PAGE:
Nate Bowling, Chair
Room 442, Chemistry Biology Building (CBB)
Email: firstname.lastname@example.org or email@example.com
This department is in the School of Biology, Chemistry, and Biochemistry within the College of Letters and Science .
Faculty: R Badger, N Bowling, L Cole, T Corcoran, K Czerwinski, Haagenson, A Jonsson, J Lawrence, K McGarry, J Mondloch, N Murphy, S Riha, D Snyder, B Speetzen, E Speetzen, D Szpunar, R Tanke, A Timerman, P Workman.
Definition: Chemistry is an experimental science that involves the study of matter, the chemical and physical changes that matter undergoes, and the energy changes that accompany these phenomena.
Notes for Chemistry:
- You may choose only ONE chemistry major.
- Several of the chemistry courses listed below are designed as service courses or for nonchemistry majors. They do not count toward the chemistry major. In the case of such courses numbered 300 and over, the course description includes this restriction.
- You can replace a grade of F in a 100 level chemistry course with a subsequent grade in another 100 level chemistry course if you have the consent of the department chair. (See the Grade-related Policies section of this catalog for the policy on repeating courses.)
- In special cases you can replace a D in CHEM 117 with a subsequent grade in CHEM 106 if you first get authorization from the department chair.
- You cannot receive credit toward graduation for a course after you have already completed a more advanced or similar course in the same area. The following restrictions hold:
- If you are taking CHEM 105 and plan to continue on with CHEM 106 , you should take MATH 107 concurrently with CHEM 105 if you have not already completed that math course or higher.
Academic Standards for Chemistry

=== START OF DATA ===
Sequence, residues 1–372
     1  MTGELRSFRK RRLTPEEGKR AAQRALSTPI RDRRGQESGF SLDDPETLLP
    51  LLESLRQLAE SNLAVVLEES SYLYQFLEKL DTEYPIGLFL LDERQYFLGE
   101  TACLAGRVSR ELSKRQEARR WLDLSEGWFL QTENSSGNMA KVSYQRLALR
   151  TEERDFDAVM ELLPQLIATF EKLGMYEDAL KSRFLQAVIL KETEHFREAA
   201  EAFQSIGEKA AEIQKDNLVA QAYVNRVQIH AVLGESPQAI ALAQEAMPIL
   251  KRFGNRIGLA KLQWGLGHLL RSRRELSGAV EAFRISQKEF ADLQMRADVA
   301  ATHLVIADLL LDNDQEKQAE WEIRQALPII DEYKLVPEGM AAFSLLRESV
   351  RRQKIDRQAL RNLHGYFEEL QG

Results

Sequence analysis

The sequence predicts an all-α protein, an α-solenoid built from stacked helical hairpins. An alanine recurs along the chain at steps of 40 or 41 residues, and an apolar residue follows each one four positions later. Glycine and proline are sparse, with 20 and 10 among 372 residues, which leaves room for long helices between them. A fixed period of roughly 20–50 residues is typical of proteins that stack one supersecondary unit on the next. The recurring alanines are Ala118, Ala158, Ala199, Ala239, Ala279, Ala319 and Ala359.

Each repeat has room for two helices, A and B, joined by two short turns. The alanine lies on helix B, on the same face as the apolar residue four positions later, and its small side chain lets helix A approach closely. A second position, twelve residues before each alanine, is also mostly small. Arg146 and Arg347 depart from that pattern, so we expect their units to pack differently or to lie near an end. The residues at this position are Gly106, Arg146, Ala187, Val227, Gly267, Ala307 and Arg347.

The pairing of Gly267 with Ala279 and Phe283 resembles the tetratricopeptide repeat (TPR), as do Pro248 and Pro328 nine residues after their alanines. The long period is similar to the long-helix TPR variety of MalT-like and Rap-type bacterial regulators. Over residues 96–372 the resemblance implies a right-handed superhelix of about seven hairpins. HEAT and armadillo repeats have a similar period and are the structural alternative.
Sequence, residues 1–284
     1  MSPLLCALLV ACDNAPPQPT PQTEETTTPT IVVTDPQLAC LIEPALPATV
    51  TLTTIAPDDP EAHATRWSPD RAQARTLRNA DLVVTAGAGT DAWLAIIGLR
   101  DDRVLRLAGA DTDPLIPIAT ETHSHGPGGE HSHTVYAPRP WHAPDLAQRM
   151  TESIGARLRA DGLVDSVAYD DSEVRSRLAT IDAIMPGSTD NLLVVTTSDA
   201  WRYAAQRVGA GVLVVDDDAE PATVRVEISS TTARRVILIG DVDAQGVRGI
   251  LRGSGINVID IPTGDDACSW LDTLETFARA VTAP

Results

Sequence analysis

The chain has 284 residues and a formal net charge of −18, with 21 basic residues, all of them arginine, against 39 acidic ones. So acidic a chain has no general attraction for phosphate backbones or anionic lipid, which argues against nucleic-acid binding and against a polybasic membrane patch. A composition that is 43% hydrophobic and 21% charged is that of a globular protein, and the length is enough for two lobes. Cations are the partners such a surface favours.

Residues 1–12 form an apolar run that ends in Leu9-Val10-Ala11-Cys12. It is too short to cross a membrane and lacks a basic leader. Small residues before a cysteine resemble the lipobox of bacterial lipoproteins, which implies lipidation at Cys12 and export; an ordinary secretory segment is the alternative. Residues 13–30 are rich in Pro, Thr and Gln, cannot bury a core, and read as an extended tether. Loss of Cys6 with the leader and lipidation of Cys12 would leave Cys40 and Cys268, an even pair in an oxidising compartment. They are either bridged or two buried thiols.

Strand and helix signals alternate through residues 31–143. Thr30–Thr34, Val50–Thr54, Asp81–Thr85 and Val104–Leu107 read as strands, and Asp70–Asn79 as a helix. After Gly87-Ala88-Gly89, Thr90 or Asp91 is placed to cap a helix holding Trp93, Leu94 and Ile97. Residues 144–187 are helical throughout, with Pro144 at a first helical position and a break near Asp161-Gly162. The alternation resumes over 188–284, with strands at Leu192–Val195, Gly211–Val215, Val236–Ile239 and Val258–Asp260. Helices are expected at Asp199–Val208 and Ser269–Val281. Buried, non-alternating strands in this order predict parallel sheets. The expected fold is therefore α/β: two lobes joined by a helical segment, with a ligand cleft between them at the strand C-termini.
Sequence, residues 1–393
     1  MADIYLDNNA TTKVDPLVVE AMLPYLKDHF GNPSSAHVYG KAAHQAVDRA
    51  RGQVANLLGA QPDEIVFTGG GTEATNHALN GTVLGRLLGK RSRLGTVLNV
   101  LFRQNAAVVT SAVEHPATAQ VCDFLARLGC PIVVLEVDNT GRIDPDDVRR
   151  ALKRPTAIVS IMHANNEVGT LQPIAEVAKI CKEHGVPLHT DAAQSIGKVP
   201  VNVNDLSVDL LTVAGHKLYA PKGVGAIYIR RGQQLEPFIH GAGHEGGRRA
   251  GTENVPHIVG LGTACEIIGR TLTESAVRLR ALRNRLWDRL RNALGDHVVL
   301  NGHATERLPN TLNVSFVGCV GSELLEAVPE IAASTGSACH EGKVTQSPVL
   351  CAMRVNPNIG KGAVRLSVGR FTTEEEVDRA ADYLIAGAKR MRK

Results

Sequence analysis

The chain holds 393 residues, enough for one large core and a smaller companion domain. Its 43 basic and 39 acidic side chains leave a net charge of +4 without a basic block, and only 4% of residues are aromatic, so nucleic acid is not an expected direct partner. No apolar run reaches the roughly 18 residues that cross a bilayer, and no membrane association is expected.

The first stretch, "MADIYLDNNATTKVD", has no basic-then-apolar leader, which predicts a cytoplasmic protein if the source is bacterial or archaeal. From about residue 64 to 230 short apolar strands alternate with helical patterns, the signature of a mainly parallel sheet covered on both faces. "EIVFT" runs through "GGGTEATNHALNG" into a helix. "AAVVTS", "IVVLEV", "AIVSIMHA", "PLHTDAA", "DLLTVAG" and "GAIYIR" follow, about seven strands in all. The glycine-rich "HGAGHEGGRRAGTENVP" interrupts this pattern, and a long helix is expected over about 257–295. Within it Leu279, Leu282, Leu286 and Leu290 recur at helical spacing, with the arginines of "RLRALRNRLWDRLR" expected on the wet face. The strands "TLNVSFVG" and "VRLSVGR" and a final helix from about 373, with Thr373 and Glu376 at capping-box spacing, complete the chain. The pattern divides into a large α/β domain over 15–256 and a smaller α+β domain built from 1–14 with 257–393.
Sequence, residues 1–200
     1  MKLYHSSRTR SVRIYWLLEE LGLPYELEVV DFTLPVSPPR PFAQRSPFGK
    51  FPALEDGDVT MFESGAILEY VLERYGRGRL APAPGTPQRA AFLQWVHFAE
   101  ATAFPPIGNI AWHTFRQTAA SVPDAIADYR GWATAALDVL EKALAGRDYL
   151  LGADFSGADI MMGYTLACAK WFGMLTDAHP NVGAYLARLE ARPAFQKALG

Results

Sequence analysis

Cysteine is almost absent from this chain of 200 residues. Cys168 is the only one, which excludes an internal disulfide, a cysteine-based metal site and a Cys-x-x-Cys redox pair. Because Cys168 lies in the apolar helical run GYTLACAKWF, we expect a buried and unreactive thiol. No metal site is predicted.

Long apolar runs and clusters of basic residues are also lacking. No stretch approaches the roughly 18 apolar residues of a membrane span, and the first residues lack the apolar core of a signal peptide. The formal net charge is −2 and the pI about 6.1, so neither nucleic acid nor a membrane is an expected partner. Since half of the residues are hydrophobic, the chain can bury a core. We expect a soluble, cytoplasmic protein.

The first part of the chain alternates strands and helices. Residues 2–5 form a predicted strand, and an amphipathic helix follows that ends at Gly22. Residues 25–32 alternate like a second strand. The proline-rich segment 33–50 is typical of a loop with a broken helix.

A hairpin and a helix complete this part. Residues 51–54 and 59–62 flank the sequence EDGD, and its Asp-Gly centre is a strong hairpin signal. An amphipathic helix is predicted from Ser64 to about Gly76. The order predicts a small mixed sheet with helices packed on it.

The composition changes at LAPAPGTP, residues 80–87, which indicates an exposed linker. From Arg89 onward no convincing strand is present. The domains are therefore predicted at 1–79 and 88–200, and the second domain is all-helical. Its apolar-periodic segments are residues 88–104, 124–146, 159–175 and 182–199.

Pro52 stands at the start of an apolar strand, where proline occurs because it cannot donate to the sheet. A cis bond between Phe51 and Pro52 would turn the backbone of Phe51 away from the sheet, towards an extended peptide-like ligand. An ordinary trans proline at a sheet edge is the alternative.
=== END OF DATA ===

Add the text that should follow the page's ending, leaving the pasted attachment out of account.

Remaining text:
- If you wish to major or minor in chemistry, you must apply for acceptance into the major or minor through the Department of Chemistry office no later than the first semester of your junior year.
- To be accepted as a major, you can have no more than one grade below C- in any chemistry, mathematics, or physics courses numbered below 299 required in the chemistry major.
- To be accepted as a minor, you can have no more than one grade below C- in any chemistry course.
- To be approved for graduation with a chemistry major, you must:
- Have a minimum grade point average of 2.00 (2.75 for student teaching) in all chemistry courses and required collateral courses.
- Have no more than one grade below C- in any chemistry, mathematics, or physics courses numbered below 299 required in the chemistry major.
- Apply no more than one grade below C (C- is a grade below C) in chemistry courses numbered 300 or above to the major.
- To be approved as a chemistry minor, you must have a minimum grade point average of 2.00 (2.75 to student teach) in all chemistry courses.
- These requirements apply for majors and minors regardless of a declaration of academic bankruptcy. You may petition the department for consideration if you do not meet these standards.
- See Notes 2-5 above for additional information concerning prerequisites and repeating courses.
Test-Out and Credit-by-Exam Policy for Chemistry
An Advanced Placement (AP) Chemistry Exam score of 3 or 4 gives you credit for CHEM 105 (5 credits) and places you into CHEM 117 or CHEM 106 . An AP Chemistry Exam score of 5 gives you credit for CHEM 105 (5 credits) and CHEM 106 (5 credits).
Brian Barringer, Chair of Biology
Room 302, Chemistry Biology Building (CBB)
Nate Bowling, Chair of Chemistry
Room 442, Chemistry Biology Building (CBB)
Biology faculty: S Alger, B Barringer, T Barta, R Bell, K Bodensteiner, J Bray, D Caporale, L Dresang, A Driver, D Graf, J Hardy, C Hartleb, J Hubbard, T Huspeni, A Impullitti, L Lee, S Pimm Lyon, S Majernik, S Orlofske, K Prahl, M Rogge, R Rosenfield, N Shefferly, J Sipiorski, K Slemmons, M Steury, Q Sun, P Whitaker, C Yahnke, P Zani.
Chemistry faculty: R Badger, N Bowling, L Cole, T Corcoran, K Czerwinski, D Haagenson, A Jonsson, J Lawrence, K McGarry, J Mondloch, N Murphy, S Riha, Snyder, B Speetzen, E Speetzen, D Szpunar, R Tanke, A Timerman, P Workman.